Acceptance Criteria for Social sign-in integration

Earlier in the year I was developing some business logic to integrate social (in this case Facebook) sign-in with a website’s existing “local account”. At the time I created a set of acceptance criteria in conjunction with the product owner in order to work through the rather complex logic that results (as you will see there are quite a few permutations and it gets quite complex to express this understandably).

I recently started working on specifying some work that involves social sign-in integration and it occurred to me that the previous work I had done is probably quite relevant and reusable in other situations. To that end I’ve included the acceptance criteria below in case it’s helpful for anyone.

Note: Don’t hesitate to adjust it according to your needs; some of it is specific to the implementation that I did earlier in the year. I would say it’s worth using it as a base to consider some of the possibilities when linking your website’s login with social sign-in.

GIVEN a user is not logged in
AND doesn't have a "local account"
WHEN the user authenticates their facebook account
THEN a new "local account" will be created for them linked to their facebook account
AND the user will be logged into the new "local account"
 
 
GIVEN a user is logged in
AND has not linked a facebook account
WHEN the user authenticates their facebook account
THEN the user will be prompted for their password to link their facebook account
 
 
GIVEN a user is logged in
AND has linked their facebook account
WHEN the user authenticates their facebook account
THEN they will be redirected to the Home page
 
 
GIVEN a user is not logged in
AND has linked a facebook account
WHEN the user authenticates their facebook account
THEN the user is logged into their "local account"
 
 
GIVEN a user has linked a facebook account
AND a second user is logged in
WHEN the second user tries to authenticate that facebook account
THEN the second user will be displayed a message indicating that facebook account is linked to another account
 
 
GIVEN a user is logged in
AND has a facebook email that matches the email of a non-Facebook-linked "local account"
WHEN the user authenticates their facebook account
THEN the user will be displayed a message indicating that email address is used by another user
 
 
GIVEN a user is not logged in
AND has a facebook email that matches the email of a non-Facebook-linked "local account"
WHEN the user authenticates their facebook account
THEN the user will be prompted for their password to link their facebook account and log in
 
 
GIVEN a user is logged in
AND has not linked a facebook account
AND they have authenticated their facebook account
WHEN the user submits their password
THEN the user's facebook account will be linked to their "local account"
 
 
GIVEN a user is not logged in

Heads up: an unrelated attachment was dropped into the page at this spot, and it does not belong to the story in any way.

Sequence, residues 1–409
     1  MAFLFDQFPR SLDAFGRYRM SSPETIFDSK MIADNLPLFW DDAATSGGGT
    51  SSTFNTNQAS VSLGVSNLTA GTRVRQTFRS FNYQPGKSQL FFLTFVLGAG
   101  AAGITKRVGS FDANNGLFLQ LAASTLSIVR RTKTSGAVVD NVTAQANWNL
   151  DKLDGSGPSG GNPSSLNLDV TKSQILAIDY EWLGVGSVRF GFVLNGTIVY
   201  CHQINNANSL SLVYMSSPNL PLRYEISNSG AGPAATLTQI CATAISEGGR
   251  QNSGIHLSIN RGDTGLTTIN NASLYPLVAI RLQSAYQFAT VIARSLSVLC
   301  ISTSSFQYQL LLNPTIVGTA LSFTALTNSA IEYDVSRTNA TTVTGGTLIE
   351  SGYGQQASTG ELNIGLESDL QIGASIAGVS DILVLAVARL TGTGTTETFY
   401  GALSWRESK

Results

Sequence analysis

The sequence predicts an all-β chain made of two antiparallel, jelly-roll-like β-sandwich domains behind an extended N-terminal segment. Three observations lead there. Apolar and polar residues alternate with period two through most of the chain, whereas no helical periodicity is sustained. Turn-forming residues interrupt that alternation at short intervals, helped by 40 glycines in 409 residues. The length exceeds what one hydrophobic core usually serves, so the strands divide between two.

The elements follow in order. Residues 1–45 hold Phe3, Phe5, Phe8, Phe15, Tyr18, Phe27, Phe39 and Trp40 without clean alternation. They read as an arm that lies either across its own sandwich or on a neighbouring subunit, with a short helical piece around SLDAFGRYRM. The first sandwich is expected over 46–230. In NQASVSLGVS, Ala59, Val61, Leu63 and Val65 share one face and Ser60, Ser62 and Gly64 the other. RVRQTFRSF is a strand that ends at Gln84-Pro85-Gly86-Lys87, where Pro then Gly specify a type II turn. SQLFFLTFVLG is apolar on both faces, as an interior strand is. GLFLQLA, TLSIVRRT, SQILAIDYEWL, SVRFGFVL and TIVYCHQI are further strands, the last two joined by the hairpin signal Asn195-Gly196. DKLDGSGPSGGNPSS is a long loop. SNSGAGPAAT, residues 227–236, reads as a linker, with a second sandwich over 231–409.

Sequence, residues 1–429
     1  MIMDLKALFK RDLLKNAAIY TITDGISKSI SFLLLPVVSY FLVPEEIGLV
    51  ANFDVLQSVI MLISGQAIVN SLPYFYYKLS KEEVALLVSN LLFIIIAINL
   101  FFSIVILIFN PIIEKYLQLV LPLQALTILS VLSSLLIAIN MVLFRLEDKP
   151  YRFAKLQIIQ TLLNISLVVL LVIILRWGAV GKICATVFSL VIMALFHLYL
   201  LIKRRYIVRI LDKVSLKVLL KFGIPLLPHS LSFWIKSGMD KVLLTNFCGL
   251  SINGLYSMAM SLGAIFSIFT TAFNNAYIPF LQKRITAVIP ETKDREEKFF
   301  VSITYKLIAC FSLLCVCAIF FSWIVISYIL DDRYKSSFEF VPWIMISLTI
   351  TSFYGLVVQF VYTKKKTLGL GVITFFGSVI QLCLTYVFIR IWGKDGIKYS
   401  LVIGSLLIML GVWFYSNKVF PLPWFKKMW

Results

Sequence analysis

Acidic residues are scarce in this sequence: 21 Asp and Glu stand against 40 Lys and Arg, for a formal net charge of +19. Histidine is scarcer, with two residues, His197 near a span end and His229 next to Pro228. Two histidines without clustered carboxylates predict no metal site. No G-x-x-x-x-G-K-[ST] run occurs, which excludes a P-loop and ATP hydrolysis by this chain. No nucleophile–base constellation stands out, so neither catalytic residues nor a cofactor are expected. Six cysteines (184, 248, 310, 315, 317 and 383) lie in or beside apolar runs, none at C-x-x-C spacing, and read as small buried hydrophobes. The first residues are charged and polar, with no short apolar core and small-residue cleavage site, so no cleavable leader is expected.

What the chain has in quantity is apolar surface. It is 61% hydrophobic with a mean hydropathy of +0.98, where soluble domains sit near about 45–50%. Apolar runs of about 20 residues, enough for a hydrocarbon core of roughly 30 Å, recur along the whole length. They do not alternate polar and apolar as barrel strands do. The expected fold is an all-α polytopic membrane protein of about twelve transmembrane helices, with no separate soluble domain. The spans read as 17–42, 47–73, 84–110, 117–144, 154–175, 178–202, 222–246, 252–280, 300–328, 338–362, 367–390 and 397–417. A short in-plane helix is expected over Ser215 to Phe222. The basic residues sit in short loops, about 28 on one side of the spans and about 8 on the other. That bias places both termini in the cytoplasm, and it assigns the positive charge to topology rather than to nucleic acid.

AND has a facebook email that matches the email of a non-Facebook-linked "local account"
AND they have authenticated their facebook account
WHEN the user submits their password
THEN the user's facebook account will be linked to their "local account"
AND they will be logged in

Azure Web Sites: Paid shared hosting, custom domain names and continuous deployment

There was a set of announcements about Azure Web Sites today, which give some insight into how the feature is developing and the focus areas for Microsoft with this particular service.

The Announcements

In short:

  • A new paid shared hosting model to supplement the free one
  • Based on what Scott said in his post it looks like you can have an unlimited number of web sites in reserved mode (with the initial release it was 10)
    • I suspect this also applies to the paid shared hosting, but regardless at a point you would upgrade to reserved anyway since it’s not a per-site cost so it becomes cheaper than a whole heap of shared hosting sites
  • You can now use CNames against the (paid) shared hosting model
  • You can now use A records against (paid) shared hosting or against reserved hosting!
  • Support for doing continuous deployment from a Github or Codeplex account
    • This means you don’t need to push your changes to azure explicitly and can instead use azure as a bit of a CI server (although you can’t ensure tests pass first, but the TFS integration allows for that!)
    • This mimics similar functionality in App Harbor
    • There isn’t support for private keys yet so public repos only, but Scott did say that it will be supported soon 🙂

Note: today’s release supports establishing connections with public GitHub/CodePlex repositories.  Support for private repositories will be enabled in a few weeks.

  • Support for multiple branches, which can be used to provide test and production deployments from the same repository (pretty cool!)

SSL

The thing I’ve been waiting for the most with Azure Web Sites is the ability to use SSL with your custom domain name. Whilst it was unfortunately not announced today mention was made of it; more specifically:

We will also in the future enable SNI based SSL as a built-in feature with shared mode web-sites (this functionality isn’t supported with today’s release – but will be coming later this year to both the shared and reserved tiers).

This is particularly exciting because it’s the main reason I haven’t used Web Sites much yet!

Commentary

The announcement of the new paid shared hosting model is really interesting, but it makes a lot of sense. It does two things:

  • Provides an accessible service for people that need a custom domain name and more than 165MB/day of bandwidth, but can’t afford a small instance